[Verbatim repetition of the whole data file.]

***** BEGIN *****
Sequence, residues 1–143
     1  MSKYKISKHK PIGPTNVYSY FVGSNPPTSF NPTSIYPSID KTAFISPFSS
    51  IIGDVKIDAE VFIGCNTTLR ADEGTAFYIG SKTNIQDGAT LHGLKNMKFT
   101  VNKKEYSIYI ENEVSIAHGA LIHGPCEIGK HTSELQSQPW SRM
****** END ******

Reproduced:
Sequence, residues 1–143
     1  MSKYKISKHK PIGPTNVYSY FVGSNPPTSF NPTSIYPSID KTAFISPFSS
    51  IIGDVKIDAE VFIGCNTTLR ADEGTAFYIG SKTNIQDGAT LHGLKNMKFT
   101  VNKKEYSIYI ENEVSIAHGA LIHGPCEIGK HTSELQSQPW SRM